On July 8th, President Obama announced his intent to nominate Dr. Francis Collins as head of the National Institutes of Health. In addition to being a world-class geneticist, Collins also has gained notoriety for his public profile as an unapologetic evangelical Christian. In 2006, Collins published, The Language of God: A Scientist Presents Evidence for Belief. In addition to offering various scientific arguments for the existence of God, the book also makes a case for the compatibility of Christian faith and science based on a model that Collins termed “BioLogos.” (Incidentally, Collins’s conception of Biologos bears a striking resemblance to Steven Jay Gould’s earlier articulation of NOMA—“non-overlapping magisteria.”) Since then, Collins has lauched a major philosophy of science education initiative through his BioLogos Foundation. The BioLogos Foundation promotes “the search for truth in both the natural and spiritual realms seeking harmony between these different perspectives.” Even a cursory review of the foundation’s website reveals Collins’s uncompromising commitment to evangelicalism’s characteristic Biblicism and to the truth of the Christian faith.

This is precisely what makes Collins’s likely appointment to be head of the NIH so troubling. Just prior to the announcement about Collins, the NIH published its final guidelines for the use of federal funds in human embryonic stem cell research. While the Dickey Amendment prohibits NIH funds from being used to derive stems cells from human embryos (hence destroying them), the newly published guidelines do permit the use of federal tax dollars for research on stem cell lines already derived from human embryos, provided that (within the restrictions outlined in the guidelines) the embryos have already been destroyed. In effect, the new guidelines provide an incentive to private research entities to obtain so-called “leftover” embryos from fertility clinics and derive stem cell lines from them in order to obtain NIH research dollars to study the derived lines.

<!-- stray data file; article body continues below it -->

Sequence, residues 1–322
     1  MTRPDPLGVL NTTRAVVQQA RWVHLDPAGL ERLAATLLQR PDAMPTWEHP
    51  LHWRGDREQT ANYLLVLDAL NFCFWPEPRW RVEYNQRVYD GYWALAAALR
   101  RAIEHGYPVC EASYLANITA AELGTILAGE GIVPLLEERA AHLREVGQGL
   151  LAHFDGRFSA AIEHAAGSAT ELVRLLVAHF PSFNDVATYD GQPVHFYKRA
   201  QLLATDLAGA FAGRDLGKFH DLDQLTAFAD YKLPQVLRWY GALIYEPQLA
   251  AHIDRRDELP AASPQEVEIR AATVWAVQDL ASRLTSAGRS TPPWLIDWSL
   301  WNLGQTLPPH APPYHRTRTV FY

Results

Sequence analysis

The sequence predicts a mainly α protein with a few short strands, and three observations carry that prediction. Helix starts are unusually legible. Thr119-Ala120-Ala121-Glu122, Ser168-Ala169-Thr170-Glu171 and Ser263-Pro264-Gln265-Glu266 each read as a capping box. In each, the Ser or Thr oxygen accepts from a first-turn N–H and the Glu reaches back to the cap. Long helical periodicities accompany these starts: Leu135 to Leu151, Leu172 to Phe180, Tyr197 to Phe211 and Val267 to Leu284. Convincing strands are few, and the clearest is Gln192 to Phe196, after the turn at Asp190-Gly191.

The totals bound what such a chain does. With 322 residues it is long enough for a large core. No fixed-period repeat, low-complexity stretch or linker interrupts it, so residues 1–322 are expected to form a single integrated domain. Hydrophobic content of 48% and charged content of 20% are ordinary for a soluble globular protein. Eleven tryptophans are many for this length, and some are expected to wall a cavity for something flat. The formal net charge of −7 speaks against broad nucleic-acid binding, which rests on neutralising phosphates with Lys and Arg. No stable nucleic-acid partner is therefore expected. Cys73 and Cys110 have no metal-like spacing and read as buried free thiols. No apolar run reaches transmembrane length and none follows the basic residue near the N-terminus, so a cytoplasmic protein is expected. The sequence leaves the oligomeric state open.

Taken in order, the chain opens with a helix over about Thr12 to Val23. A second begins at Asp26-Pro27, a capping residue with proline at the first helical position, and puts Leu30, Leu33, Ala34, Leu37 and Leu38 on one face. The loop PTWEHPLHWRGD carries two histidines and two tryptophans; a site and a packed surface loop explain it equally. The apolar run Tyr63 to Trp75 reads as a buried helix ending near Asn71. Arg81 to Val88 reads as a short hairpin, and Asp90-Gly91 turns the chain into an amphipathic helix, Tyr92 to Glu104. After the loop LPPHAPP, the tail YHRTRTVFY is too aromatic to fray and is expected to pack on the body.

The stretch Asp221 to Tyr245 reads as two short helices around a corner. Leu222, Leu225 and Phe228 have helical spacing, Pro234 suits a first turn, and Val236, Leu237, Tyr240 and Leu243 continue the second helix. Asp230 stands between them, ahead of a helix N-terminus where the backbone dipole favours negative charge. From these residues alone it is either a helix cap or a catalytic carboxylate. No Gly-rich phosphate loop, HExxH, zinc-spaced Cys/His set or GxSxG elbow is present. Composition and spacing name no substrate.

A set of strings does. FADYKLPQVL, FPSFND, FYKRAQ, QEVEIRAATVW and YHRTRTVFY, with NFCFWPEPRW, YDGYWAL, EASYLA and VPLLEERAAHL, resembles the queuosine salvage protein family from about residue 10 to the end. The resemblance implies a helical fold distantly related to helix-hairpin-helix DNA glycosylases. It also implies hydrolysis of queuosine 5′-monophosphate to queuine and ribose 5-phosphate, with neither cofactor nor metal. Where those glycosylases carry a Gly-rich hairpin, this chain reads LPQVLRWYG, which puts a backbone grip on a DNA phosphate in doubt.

Given his professed faith, one might naturally wonder how Collins can, in good conscience, oversee a government agency that is effectively outsourcing the destruction of human life. At a recent event sponsored by the Pew Forum on Religion and Public Life, Collins was asked about the new NIH guidelines. Collins had this to say:

Basically, what the president’s executive order said and what the NIH in its draft guidelines has now made more clear is that federal funds will be allowable, assuming these draft guidelines get finalized, for stem cell lines that were developed from leftover embryos from in vitro fertilization clinics. And in a way, this is not very radical because that’s what Bush said in August of 2001 when he became the first president to authorize federal funds for embryonic stem cell research. Remember, it wasn’t allowed at all before his statement. But he said only lines that were developed before 9 p.m. on Aug. 9, 2001, could be used, which obviously seems like a bit of an arbitrary deadline.

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Now Obama is saying, what about the 700 lines that have been developed since then, which are actually scientifically more useful? The early lines had problems. These new lines will now be allowed as well. Remember, though, that just means the funds will be allowed for the study of those lines, not for creating new ones. That is prevented by the Dickey-Wicker amendment, which people expect will probably remain there unless Congress decides to take it away. My bet is that they probably won’t, and I’m not sure that it’s necessary for them to do so in terms of supporting research. The use of private funds to develop new lines might be sufficient.

Collins’s comments here are remarkable on several different levels. To begin, it is unclear whether Collins has any moral qualms about the wanton destruction of innocent human life given his apparent optimism about the sufficiency of private funds for the doing the federal government’s dirty work. But even if one supposes that he’s not happy about it, his analysis of the difference between the Bush administration policy and the new Obama guidelines is mistaken at best, misleading at worst. For the August 9, 2001 deadline under the Bush administration was imposed precisely to take away the incentive for private entities to engage in more embryo destruction. Of course, as Collins’s remarks make clear, this did not prevent private entities from doing so. And apparently, they did so at least 700 times. (Of course, who knows how many embryos it actually took to get the 700 lines to which Collins refers!) And if the Obama guidelines were written so as to allow funding for these 700 lines and only these 700 lines, they would, in that respect, be similar to the Bush guidelines. But the new Obama guidelines do not limit the use of NIH funds exclusively to these existing, additional 700 lines.